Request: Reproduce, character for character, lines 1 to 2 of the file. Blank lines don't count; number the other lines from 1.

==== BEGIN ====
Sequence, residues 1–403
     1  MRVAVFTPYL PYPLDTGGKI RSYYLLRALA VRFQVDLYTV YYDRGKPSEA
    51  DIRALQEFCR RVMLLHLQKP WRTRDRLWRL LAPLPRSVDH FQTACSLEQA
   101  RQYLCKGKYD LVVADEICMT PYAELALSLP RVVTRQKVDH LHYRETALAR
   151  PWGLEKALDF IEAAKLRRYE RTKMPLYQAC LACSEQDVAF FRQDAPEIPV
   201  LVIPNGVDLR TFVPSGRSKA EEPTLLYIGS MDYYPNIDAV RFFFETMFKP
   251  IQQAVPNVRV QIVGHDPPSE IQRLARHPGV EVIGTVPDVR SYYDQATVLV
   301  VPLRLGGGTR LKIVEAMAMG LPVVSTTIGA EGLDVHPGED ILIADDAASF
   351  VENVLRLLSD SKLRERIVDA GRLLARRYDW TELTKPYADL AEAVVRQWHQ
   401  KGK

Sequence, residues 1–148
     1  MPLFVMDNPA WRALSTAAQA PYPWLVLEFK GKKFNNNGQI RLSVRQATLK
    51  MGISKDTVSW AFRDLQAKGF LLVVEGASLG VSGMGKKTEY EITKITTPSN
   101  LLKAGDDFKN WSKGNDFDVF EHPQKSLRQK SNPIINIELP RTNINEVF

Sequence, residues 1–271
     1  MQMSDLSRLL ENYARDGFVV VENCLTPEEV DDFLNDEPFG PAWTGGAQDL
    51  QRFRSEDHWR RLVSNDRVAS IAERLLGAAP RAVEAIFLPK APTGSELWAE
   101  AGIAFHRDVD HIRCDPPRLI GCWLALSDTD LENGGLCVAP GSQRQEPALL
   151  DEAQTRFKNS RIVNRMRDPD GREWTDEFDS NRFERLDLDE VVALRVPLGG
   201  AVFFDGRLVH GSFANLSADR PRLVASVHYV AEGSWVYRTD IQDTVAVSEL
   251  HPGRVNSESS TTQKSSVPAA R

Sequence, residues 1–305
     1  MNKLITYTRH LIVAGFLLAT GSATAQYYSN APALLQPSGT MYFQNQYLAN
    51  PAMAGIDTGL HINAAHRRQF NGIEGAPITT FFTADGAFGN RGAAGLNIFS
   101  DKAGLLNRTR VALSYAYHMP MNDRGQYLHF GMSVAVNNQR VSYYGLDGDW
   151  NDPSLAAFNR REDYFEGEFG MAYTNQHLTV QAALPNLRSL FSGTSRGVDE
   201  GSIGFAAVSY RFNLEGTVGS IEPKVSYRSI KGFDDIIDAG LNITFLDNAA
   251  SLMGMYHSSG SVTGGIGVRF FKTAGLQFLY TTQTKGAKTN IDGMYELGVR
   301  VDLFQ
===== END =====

Sequence, residues 1–403
     1  MRVAVFTPYL PYPLDTGGKI RSYYLLRALA VRFQVDLYTV YYDRGKPSEA